17 November 2010

LG Innotek starts SiC project with Sweden’s Linköping University

Electronic components firm LG Innotek, which is part of South Korea’s LG group of companies, and materials researchers at Sweden’s Linköping University (LiU) have begun a nine-year collaborative project to develop manufacturing of silicon carbide (SiC) for electronic components, starting with a kick-off project meeting in Linköping on 12 November.

Picture: Professor Erik Janzén (left) and LG Innotek’s CTO Joo-Won Lee at project kick-off meeting in Linköping.

LG Innotek says that investment in the high-performance electronics material SiC is a part of a new strategy for the firm. Using SiC as a substrate can boost the output of light-emitting diodes, and LED-based displays and illumination are a priority area (in which parent company LG is the second biggest manufacturer in the world). However, SiC is also of great interest in the development of components for electric vehicles and the streamlining of green energy production.

“LG Innotek representatives have visited research groups and companies around the world to find a partner for this investment,” says Olle Kordina, senior lecturer and contact person for the project, led by professor Erik Janzén. “We’ve been negotiating with them since the spring, and now the project is underway.”

The project is financed in part by the Republic of Korea. LiU researchers’ funding includes SEK20m (€2.13m), and their role is to develop a method for epitaxial growth of high-quality SiC, for which LG will fund a new reactor. “We are the only group outside South Korea who will be working for LG on this,” says Kordina. Janzén and co-workers in the Department of Physics, Chemistry and Biology have focused on SiC for many years. The results of their research have previously been commercialized by Norstel, which has a manufacturing plant in Norrköping, Sweden.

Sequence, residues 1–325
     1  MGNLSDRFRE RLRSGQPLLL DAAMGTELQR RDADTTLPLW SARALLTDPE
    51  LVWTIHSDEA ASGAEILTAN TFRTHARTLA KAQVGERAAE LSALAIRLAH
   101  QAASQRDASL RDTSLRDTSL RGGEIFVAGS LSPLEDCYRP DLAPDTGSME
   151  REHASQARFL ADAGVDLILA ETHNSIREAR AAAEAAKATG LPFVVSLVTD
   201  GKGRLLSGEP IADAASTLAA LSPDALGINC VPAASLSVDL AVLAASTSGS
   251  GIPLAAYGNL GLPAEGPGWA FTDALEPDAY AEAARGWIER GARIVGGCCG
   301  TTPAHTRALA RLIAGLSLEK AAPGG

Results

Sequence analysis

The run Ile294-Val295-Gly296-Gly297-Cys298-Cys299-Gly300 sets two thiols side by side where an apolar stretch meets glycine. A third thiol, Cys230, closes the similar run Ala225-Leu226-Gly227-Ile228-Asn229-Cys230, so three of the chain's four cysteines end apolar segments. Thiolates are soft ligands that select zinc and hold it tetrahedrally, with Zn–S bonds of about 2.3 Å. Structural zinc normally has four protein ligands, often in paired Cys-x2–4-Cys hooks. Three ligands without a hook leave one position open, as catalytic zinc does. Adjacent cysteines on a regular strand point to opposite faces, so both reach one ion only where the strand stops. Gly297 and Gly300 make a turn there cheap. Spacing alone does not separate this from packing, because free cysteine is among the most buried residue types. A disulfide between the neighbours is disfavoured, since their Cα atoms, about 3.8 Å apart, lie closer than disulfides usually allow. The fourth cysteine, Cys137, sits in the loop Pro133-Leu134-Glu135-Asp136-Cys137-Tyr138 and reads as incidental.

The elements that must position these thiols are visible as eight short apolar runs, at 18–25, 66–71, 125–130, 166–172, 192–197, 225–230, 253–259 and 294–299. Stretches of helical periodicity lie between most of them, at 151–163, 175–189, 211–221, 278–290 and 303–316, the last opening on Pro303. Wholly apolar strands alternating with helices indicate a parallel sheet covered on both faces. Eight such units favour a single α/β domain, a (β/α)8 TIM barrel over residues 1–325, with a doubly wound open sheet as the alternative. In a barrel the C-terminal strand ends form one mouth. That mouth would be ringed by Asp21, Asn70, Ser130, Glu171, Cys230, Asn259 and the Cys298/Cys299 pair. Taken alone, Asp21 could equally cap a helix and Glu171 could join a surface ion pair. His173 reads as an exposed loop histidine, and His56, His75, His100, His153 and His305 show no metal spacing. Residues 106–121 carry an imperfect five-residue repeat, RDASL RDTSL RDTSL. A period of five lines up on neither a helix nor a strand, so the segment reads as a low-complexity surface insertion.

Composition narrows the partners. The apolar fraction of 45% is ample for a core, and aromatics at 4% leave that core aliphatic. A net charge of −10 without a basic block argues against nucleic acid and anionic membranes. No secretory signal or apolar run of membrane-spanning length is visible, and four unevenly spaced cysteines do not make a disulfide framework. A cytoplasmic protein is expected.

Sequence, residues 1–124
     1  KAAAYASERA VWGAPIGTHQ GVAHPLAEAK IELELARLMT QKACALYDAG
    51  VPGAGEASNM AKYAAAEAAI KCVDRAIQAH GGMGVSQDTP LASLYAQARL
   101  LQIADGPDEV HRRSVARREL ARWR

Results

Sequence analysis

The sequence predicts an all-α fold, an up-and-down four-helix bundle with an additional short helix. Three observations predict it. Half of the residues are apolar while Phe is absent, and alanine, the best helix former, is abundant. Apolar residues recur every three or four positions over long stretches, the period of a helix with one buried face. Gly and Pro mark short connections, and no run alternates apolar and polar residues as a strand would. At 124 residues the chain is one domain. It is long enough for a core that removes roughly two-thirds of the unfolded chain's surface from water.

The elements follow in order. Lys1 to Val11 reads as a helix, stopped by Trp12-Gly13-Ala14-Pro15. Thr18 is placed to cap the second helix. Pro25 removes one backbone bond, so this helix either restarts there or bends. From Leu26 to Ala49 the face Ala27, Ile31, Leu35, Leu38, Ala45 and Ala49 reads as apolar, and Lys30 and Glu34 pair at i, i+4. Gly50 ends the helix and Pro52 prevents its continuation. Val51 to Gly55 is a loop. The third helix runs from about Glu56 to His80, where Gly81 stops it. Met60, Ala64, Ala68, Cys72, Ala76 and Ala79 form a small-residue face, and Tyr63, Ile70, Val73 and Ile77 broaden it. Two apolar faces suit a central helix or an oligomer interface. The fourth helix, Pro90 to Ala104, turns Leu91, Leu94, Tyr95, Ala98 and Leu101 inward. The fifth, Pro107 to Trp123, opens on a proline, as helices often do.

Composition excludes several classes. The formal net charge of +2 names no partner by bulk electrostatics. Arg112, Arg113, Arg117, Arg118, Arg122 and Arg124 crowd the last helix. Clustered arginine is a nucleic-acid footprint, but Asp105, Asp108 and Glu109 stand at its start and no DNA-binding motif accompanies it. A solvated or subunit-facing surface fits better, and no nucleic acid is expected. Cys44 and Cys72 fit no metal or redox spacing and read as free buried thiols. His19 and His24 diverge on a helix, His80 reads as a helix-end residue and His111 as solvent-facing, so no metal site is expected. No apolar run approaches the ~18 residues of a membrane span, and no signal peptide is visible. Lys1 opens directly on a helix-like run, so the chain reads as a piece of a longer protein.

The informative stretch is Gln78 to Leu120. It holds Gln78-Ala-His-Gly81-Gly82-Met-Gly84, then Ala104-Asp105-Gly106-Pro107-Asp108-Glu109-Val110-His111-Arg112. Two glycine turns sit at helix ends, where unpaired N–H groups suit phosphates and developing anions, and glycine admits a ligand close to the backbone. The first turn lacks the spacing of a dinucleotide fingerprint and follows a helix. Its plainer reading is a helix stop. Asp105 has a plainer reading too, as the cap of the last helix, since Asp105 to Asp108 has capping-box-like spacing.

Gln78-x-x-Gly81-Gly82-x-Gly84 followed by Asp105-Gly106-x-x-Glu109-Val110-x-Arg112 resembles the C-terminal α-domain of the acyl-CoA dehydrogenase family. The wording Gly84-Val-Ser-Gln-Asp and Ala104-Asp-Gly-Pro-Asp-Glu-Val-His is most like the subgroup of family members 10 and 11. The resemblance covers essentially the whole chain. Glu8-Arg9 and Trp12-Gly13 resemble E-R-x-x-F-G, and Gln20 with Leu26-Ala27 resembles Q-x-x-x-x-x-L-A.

LG has its sights set on the rapidly growing hybrid electric car market. With heat-resistant SiC transistors, an electric hybrid can manage with just one cooling system, reducing weight and hence energy consumption. “Many car manufacturers are interested in silicon carbide for their future electric cars — for example, Hyundai, Toyota, Volkswagen, and BMW,” says LG Innotek’s chief technical officer Joo-Won Lee.

The challenge for the approximately 50 researchers in the LiU group is to further improve the surface quality of their SiC material and hence maximize performance. “We have now developed a new chemical method where we mix in chlorine gas, which increases the speed of growth by 10–20 times,” says Janzén. “It will be very interesting for us to test this on a large scale.”

Tags: LG Innotek SiC

Visit: www.lginnotek.co.kr

Visit: www.liu.se

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